The commission wasn’t convinced, however, and at the end of the Wednesday meeting they voted to instruct staff to return for a special called meeting on Friday with an implementation plan that more adequately represented the desires of the commission and the animal welfare community.


So they did, and on Friday evening the commission once again met with staff, this time for four hours, with a revised plan.


Under that plan, staff recommended increasing the operations and maintenance budget of the Davenport Adoption Center by about $126,000 to allow for more space for animal intake and to outsource the administration of animal adoptions to outside animal groups.


But, Tucker pointed out, what staff didn’t put back in was the need to keep all buildings on the TLAC campus open as a safety net in order to handle what he said would be a 25 percent projected increase in animal intakes at the new shelter. “People will see this fancy, new building,” he told In Fact Daily, “and think that if they drop off their dog or their cat, their pets are going to have a great, comfortable life there. When in fact, as it stands, they will only live there for three days.” He said that until the no-kill system is up and running, all buildings at TLAC need to be used for animal intake so there is plenty of cage space.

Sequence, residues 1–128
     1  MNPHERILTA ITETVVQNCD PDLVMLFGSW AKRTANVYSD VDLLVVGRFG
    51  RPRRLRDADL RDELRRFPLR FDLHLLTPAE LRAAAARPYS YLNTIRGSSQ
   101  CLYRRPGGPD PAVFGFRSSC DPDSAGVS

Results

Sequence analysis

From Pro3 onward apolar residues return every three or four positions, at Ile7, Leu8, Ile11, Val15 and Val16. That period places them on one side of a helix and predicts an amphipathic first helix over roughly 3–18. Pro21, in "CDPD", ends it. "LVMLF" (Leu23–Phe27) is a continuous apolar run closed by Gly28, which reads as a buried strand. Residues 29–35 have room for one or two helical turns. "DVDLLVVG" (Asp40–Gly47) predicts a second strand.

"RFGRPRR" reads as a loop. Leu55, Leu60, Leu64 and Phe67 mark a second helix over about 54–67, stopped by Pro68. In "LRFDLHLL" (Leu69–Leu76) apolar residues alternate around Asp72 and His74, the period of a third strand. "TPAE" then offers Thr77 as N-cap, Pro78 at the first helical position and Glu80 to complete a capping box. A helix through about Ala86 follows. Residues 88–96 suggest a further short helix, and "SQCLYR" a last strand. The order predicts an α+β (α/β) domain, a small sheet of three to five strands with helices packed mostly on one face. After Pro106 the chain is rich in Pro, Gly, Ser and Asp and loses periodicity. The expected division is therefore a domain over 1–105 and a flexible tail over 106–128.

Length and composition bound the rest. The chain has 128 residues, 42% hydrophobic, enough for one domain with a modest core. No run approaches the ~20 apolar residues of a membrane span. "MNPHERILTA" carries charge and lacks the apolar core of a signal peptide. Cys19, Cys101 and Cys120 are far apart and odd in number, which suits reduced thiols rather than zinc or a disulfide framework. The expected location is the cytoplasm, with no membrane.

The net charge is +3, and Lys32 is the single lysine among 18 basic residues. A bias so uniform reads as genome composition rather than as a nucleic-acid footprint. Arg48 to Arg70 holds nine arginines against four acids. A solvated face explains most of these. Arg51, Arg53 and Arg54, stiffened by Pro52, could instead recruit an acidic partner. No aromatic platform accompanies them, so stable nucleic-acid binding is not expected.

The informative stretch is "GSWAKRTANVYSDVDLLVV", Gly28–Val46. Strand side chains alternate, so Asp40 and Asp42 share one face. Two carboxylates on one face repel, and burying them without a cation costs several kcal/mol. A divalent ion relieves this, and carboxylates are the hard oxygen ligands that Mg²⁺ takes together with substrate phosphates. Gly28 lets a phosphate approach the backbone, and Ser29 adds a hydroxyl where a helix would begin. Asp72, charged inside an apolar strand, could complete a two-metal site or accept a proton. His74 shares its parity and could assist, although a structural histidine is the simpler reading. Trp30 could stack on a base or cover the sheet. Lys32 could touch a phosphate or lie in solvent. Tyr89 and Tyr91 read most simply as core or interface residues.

Council had instructed those involved with the process that the implementation plan will go into effect this October, at the start of FY 2011, with 90 percent no-kill status to be reached 18 months later. The Davenport facility won’t be open until November 2011, more than a year after the implementation plan is set to go into effect.


Staff also reconsidered the issue of off-site adoptions. In its recommendations, four sites would be outsourced for that purpose, at a cost of $100,000, with the goal of placing 1700 animals per year in homes. It couldn’t, however, recommend outsourcing that work to APA specifically because the procurement process would still be required.


“This isn’t the procurement phase,” said David Lurie, director of the Austin/Travis County Health and Human Services department.” We don’t want to cut off our options concerning who would be doing the adoption work.”


“We should start the solicitation process as soon as possible,” he continued, “so that a contract can be awarded with the new budget on October first. Then those off-site adoption programs could be running by the end of this year.”


Tucker wasn’t sold on the plan, however, telling staff that at the last meeting of the Health and Human Services Committee, Mayor Pro Tem Mike Martinez had chided staff for not having more specific proposals prepared. “Other groups missed the window for this,” Tucker said. “We solicited other groups for this off-site proposal. Only APA made recommendations, so we should recommend them to Council.”


The commission and staff discussed the plan until 10pm, at which time they were asked to leave the building. The commission wasn’t done going through staff’s revised plan, however, and so voted to have commissioners Tucker, Graham, and David Lundstedt continue to compile the commission’s recommendations into staff’s plan before the Health and Human Services Committee meeting today.


Tucker told In Fact Daily that he plans to show the HHS committee all of the items staff removed from the commission’s plan.